Wednesday, July 25, 2012

I Crashed and Burned So You Don't Have To! Stop Your Stress Before It Kills You!

How to Relieve Stress from Work and Life





I crashed and burned so you don't have to!


Seriously.

I know what its like to work the 9 to 5 grind, which in many cases is more like 7 to 7 or even worse. With traffic, deadlines, implementing new policies and procedures, trying to succeed inside systems that seem almost destined to make you fail, the stress level can be over the top.

Even though you may not enjoy your job, you don't dare quit because there are entirely too many people out of work making finding a new one even harder. And how would you support yourself and your family?

Lets not forget about the financial issues of a mortgage, car payments, college tuition, extravagant vacations, insurance, medical bills, and all the rest that force you to trade your time for dollars.  Sometimes it feels like you are selling your Soul - at least that's how it felt to me.

And what about relationship stress? How much stress do you experience because there is disharmony between you and your spouse, your boss, your parent, your child, a co-worker, a sibling, your neighbor, or anyone else you interact with on a routine basis?

Oh yes, I almost left out that pain in the patootie stress called poor health. When some aspect of your health isn't up to par, nothing seems to work. It affects everything you do from making poor decisions, to snapping at your loved ones, to missing work.  

I've been there with all of those. And it almost killed me.

 "I was very successfully climbing the corporate ladder. I traveled often and enjoyed what many would consider to be the finer things in life: cruises to the Caribbean; limo rides to black tie affairs in Manhattan; little red sports cars; weekend jaunts skiing in New England, staying in slope-side condos with fireplaces and Jacuzzis; dinner parties; travel in my company's Learjet; 5-star restaurants and hotels . . . you get the idea.

But along with the material success came severe stress. It was quickly destroying my health and any hopes I had at happiness.

I was one of four managers developing "The Bayer Factory" - a state of the art facility and workforce to manufacture Bayer aspirin. It would be a self-directed work team with the best equipment out there.

Empowering people to work together, teaching them the communication, problem solving, and technical skills necessary to one day run their department on their own was a dream job for me. But, as has been true on several occasions in my life, all of that changed in the blink of an eye.

It was early one Friday morning. The team leader called me into his office to share the news that the company was doing a major management lay off. Those of us lucky enough (or not) to survive the cut were being reassigned. The Bayer Factory was being disbanded.

My new position was that of a front-line supervisor in another department. Several of my closest friends, business colleagues, and even a few of those in upper management whom I greatly admired, had all been let go.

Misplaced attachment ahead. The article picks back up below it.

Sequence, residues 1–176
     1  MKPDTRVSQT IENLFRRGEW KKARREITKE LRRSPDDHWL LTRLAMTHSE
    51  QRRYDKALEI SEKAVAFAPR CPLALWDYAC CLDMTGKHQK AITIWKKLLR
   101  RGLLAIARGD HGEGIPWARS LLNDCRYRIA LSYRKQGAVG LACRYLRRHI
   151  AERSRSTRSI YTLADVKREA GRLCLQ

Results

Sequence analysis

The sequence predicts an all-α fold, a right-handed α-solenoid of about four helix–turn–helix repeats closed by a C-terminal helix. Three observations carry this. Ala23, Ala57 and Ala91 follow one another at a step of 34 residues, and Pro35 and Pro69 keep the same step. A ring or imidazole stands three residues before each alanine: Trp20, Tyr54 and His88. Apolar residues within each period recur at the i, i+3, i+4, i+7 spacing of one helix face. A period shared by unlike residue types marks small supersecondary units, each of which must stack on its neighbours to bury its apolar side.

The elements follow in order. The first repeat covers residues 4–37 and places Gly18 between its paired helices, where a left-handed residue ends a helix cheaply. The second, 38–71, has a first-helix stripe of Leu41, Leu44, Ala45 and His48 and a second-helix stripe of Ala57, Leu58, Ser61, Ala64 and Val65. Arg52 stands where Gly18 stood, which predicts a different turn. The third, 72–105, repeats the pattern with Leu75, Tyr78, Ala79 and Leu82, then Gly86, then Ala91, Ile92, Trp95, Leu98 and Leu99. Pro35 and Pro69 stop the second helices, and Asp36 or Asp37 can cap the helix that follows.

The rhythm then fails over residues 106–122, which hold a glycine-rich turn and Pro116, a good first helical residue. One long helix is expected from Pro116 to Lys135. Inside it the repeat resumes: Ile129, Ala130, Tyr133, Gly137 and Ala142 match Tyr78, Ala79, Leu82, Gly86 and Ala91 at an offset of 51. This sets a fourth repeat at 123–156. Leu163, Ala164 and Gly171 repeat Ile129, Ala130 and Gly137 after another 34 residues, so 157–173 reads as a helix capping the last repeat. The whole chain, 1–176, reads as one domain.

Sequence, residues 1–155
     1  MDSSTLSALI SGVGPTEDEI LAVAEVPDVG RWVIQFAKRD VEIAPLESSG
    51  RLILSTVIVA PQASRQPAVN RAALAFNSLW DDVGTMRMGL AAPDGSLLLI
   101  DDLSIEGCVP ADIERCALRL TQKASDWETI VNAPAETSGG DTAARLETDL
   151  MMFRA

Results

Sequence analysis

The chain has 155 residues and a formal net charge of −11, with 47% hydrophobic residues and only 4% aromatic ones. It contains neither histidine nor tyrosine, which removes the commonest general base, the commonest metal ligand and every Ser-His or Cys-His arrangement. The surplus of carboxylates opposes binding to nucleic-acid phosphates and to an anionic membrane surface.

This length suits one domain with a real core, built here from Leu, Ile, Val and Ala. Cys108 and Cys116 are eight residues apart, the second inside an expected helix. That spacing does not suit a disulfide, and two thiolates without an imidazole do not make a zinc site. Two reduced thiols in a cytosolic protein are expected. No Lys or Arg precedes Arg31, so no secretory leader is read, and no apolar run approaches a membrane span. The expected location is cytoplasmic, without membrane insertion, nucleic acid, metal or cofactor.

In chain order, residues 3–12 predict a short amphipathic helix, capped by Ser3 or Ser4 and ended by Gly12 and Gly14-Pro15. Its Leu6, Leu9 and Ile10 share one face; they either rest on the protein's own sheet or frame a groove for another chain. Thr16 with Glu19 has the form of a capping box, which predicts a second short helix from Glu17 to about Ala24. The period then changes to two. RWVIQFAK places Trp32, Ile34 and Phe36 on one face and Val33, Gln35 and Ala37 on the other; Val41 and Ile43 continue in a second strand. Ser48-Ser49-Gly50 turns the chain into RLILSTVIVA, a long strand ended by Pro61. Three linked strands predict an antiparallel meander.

It was a devastating day.

And then it became a nightmare.

I hated front-line supervision. It was a job I had refused time and time again. Many companies like their upper management staff to have front line supervisory experience. They feel it makes you a better manager if you understand the nitty-gritty of what happens on the production floor. I was being groomed for upper management, so the job was repeatedly thrust at me.

I'd worked alongside enough supervisors to know that it was not something I was cut out for or desired. People were constantly pulling at you, asking questions, needing assistance immediately, sometimes complaining, whining, or finger pointing. Whenever the job was offered, I always turned it down.

Yet, here it was, plopped in my lap. I had no real choice - be a front line supervisor or find a new job. I only had the weekend to decide.

Depending on the dynamics between the people on the floor, front line supervision can be a lot of fun or it can be like beating your head against a brick wall. Many days for me, it was the latter.

The company decided to implement a plant-wide computer system to track inventory. Computers were being put onto every production line and the material handlers would be doing all the data entry when they brought pallets of packaging components to the line. Many of the people in those positions had never used a computer. It became my job to teach them and to handle implementation on the production floor.

As the system went live, my name was called over the intercom about once every five minutes. I rushed from one data entry disaster to another all day long. Sometimes three or more people stood in line to ask me questions. Every decision I made impacted production for the day.

After a year of front-line supervision and implementing this new computer system, one of my employees told me I looked like I had aged 10 years in the past year. The stress was more than I could bear.

So, I did the only thing left to do . . . I hit the wall. I crashed and burned. Term it any way you wish. The bottom line is, I had a complete stress-induced meltdown." (excerpt from Peering Through the Veil: The Step by Step Guide to Meditation and Inner Peace by Debbie Takara Shelor.)

Hitting rock bottom was the greatest gift that the Divine Presence (by whatever name) has ever given me. It was my moment to discover the truth about who I am, my priorities, my gifts, my strengths, and what the Universe had in store for my life - which wasn't at all what I'd been living.

I used to think that I knew a lot about how to make life work, how to be happy,  and successful.

What that moment taught me is that I knew very little about such things. And because my little ego was bruised sufficiently enough, I was willing to listen to the still small voice within and learn from those who magically and synchronistically crossed my path.